A new study has revealed that the legalisation of medical cannabis in all US States bordering Mexico decreased the overall criminal activity in areas closest to the border.
Mexico is the largest supplier of cannabis to the United States, with seven cartels constantly disputing the shares of the market. And the market is big, with an estimated 55 million consumers.
Once medical cannabis became legal in all States bordering Mexico, a decrease in crime would logically follow, as the part of the population that previously had to break the law to get their supply of cannabis for therapeutic use – committing drug offences in the process – would no longer be doing so as the drug would be available to buy through a legally regulated market.
However, what the study shows is that crimes such as homicides, robberies and other aggravated assaults have also significantly reduced.
In all States bordering Mexico where some form of medical cannabis is legal, robberies decreased by 26% whilst homicides and assaults dropped by around 11%.
This data suggests that the crimes occurring in the areas close to the Mexican border are mainly drug-related.
The researchers found that the reduction in homicides correlates with the decrease of drug offences, juvenile gang activity and robbery, suggesting that “the drop in crime is related to activity in drug markets”.
This finding, though, is nuanced. Indeed, the significant drop in crime – which varies between 15 to 25% – is mainly felt in the counties within 350 km of the border. In counties and States further from the border with Mexico, the decrease in violent crimes is insignificant.
How, then, can this decrease in violent crime be associated with the legalisation of medical cannabis?
It can be explained by the role of cartels in the supply chain of cannabis in the US, which is essentially that of distribution. Not distribution to the final consumer, but distribution to the local drug gangs around the US who then sell to the final consumer. Their role in this supply chain implies that their activity keeps them close to the border.
As mentioned above, drug cartels are often fighting one another over the territory they’re selling on, the local gangs they’re selling to, or over the very product they are selling. Since drug cartels stay within 350 km of the borders, the violence they are responsible for also stays within this radius.
When medical cannabis becomes legally available and patients turn to licensed dispensaries, the margins available to drug cartels inevitably shrink.
As their capacity to be relevant players in a legal market disappears, exposed to legal competition approved by the public health bodies and protected by the police authorities, drug cartels reduce their imports of cannabis in the US and therefore the crime that has been associated with it decreases as well.
Whilst there is anecdotal evidence that drug trafficking organisations do go on to deal with other drugs such as cocaine and heroin – or that some are switching to other criminal activity unrelated to drugs (e.g. human trafficking) – “none of these activities exhibit the same scale and profit commonly associated with the trafficking of marijuana”.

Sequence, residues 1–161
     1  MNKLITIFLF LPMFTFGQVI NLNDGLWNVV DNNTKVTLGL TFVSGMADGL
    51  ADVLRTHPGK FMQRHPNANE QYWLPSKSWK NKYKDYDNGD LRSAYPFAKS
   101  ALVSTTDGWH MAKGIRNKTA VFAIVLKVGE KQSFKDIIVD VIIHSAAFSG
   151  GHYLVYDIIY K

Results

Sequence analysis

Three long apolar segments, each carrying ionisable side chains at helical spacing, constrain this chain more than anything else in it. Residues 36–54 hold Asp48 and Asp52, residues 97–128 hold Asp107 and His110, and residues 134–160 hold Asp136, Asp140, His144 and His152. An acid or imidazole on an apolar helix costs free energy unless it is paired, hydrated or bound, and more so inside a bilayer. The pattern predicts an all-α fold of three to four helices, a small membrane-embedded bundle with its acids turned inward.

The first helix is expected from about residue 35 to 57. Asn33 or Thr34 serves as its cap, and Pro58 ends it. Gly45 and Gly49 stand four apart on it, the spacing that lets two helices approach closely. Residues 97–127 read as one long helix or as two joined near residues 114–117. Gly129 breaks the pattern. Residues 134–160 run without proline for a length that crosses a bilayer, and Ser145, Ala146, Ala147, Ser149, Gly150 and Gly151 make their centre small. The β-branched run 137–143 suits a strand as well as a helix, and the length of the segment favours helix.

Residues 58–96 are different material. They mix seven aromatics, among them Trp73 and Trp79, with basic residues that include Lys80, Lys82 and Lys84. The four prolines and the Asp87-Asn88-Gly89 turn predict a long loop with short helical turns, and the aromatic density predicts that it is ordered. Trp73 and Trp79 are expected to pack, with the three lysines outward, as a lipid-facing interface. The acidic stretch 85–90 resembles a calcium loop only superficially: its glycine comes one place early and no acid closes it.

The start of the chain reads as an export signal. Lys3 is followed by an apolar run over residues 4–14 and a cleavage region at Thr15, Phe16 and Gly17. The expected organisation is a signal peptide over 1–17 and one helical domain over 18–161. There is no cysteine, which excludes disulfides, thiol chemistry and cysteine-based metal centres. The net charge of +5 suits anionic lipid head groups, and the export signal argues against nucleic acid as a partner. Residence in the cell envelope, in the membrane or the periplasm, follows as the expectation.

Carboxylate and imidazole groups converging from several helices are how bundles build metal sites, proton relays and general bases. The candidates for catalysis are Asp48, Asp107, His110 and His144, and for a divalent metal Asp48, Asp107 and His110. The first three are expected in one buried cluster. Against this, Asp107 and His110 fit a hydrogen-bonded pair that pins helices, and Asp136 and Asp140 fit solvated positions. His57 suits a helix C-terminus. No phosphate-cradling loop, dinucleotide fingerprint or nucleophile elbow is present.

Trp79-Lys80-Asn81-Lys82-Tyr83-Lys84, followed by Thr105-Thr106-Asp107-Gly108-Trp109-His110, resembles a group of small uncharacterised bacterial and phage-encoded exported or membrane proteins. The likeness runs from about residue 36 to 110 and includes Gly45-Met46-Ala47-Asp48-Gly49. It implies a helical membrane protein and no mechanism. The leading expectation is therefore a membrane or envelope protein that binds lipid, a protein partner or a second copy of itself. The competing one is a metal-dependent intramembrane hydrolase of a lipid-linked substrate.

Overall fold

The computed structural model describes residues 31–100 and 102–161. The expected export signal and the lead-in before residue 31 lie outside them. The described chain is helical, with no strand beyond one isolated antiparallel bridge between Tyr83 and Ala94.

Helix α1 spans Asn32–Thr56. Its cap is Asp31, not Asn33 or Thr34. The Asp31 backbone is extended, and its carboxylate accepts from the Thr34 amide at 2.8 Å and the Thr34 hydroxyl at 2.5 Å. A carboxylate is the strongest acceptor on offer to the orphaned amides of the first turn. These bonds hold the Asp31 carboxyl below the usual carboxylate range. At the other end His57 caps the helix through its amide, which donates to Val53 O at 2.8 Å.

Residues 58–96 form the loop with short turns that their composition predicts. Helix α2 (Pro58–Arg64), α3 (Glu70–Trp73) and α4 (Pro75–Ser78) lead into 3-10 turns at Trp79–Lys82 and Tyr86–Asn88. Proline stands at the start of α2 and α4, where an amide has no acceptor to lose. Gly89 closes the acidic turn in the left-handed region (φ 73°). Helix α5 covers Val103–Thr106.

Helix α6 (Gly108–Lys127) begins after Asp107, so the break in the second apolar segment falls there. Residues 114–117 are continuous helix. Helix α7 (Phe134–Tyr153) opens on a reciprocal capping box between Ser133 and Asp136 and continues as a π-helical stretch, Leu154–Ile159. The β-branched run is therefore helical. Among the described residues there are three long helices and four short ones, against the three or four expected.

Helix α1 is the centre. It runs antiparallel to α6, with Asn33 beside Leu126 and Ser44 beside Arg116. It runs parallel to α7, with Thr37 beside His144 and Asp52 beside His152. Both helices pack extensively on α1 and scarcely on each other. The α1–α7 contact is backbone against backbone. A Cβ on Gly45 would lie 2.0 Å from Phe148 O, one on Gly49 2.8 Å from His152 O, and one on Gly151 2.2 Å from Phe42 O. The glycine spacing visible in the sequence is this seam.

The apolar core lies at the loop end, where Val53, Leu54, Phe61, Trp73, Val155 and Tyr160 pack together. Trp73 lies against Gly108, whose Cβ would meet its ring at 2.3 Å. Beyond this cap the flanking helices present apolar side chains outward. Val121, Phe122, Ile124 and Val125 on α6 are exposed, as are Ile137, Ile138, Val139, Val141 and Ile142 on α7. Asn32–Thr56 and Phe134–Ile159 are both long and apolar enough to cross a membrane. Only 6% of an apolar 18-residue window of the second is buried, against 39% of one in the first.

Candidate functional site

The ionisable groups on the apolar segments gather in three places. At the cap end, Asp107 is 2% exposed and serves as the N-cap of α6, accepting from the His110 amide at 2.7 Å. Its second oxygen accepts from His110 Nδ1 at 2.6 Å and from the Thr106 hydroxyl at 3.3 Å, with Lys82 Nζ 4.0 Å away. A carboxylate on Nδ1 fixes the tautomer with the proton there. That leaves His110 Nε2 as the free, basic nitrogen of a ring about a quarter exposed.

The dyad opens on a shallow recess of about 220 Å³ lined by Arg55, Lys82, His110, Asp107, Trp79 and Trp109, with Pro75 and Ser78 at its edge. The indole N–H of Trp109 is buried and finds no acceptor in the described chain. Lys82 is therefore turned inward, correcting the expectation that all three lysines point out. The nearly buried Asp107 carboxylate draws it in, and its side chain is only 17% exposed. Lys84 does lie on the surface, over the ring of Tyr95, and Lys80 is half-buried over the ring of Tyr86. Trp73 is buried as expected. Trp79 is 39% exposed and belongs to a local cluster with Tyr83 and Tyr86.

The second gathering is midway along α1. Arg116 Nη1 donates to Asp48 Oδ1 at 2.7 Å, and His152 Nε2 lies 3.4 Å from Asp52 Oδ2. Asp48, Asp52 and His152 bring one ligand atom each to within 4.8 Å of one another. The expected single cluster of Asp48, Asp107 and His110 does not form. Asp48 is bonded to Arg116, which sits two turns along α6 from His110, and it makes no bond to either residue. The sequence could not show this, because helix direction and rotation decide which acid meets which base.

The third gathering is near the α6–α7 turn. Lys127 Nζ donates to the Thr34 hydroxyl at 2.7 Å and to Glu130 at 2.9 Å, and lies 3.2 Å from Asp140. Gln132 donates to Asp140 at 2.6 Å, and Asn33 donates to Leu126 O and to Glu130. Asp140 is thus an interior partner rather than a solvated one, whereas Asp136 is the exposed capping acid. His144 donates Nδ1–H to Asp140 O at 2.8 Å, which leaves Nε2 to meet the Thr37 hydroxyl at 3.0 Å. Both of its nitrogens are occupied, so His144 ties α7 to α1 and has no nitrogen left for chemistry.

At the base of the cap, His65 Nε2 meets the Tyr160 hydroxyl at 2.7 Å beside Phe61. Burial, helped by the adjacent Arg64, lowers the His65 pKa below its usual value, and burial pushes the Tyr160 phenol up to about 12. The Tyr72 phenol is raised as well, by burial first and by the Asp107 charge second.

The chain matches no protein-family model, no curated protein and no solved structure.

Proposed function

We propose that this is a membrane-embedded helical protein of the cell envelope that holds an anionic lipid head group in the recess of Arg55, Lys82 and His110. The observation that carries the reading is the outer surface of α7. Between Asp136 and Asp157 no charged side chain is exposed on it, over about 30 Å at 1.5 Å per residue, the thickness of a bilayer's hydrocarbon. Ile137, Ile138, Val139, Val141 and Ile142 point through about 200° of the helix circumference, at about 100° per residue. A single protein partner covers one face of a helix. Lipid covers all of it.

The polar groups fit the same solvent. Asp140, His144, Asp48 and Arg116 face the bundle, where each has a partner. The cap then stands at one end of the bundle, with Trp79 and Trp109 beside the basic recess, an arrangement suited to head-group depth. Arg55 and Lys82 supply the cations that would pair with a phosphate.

This lead the researchers to find that the full legalisation of cannabis in States such as Colorado and Washington “will have an even stronger impact on drug trafficking organisations as large-scale marijuana production facilities are erected in these states”.
The researchers concluded the study by saying that “the case for medical cannabis laws provides an important lesson for policy makers. Drug markets are well known for their violence. However, in the case of marijuana when the supply chain of the drug is legalized, or at least decriminalized, a lot of the violence disappears and the business of organized crime structures is hurt”.
Making the case for the UK
In the UK, most of the cannabis sold on the black market is cultivated within the country. But that doesn’t prevent violence from taking place either.
Neil Woods, a former undercover police officer who spent 14 years infiltrating drug gangs, said that “even though the cartels of Mexico are not comparable to UK drug gangs, the introduction of medical cannabis laws would see a significant drop in violent crime here as well.”
The violence emanating from the black cannabis market in the UK often takes the form of cannabis supply robbery between gangs, as can be seen between cartels near the Mexico border in the US.
“Among drug gangs you’ll find some people whose role is to steal other people’s cannabis and that sometimes creates violent crime,” Mr Woods said.
“Violent crimes associated with cannabis also include retaliation when someone is unable to pay their debts. It’s important for the reputation of a drug dealer to be known as violent, otherwise they don’t get their money back and risk to be overrun by more violent dealers. This is the norm, how the illegal market works. It could literally just end with the regulation of the adult cannabis market. The violence could be significantly reduced by allowing medical cannabis.”
Journalist Max Daly has also written that violence is “a vital tool used by drug gangs to send out a message to both the law-abiding and criminal communities: they are not to be messed with.”
UK drug gangs clearly don’t have the same influence as the main Mexican cartels have, but their methods are similar and the impact the introduction of medical cannabis laws have had in the US could well be replicated in the UK.
As a legal supply chain appears, the capacity for illegal players to stay relevant decreases and so do their margins. And, with this, the violence associated with their drug trade decreases as well.
Pierre-Yves Galléty is a Communications Officer at Volteface. Tweets @PYGallety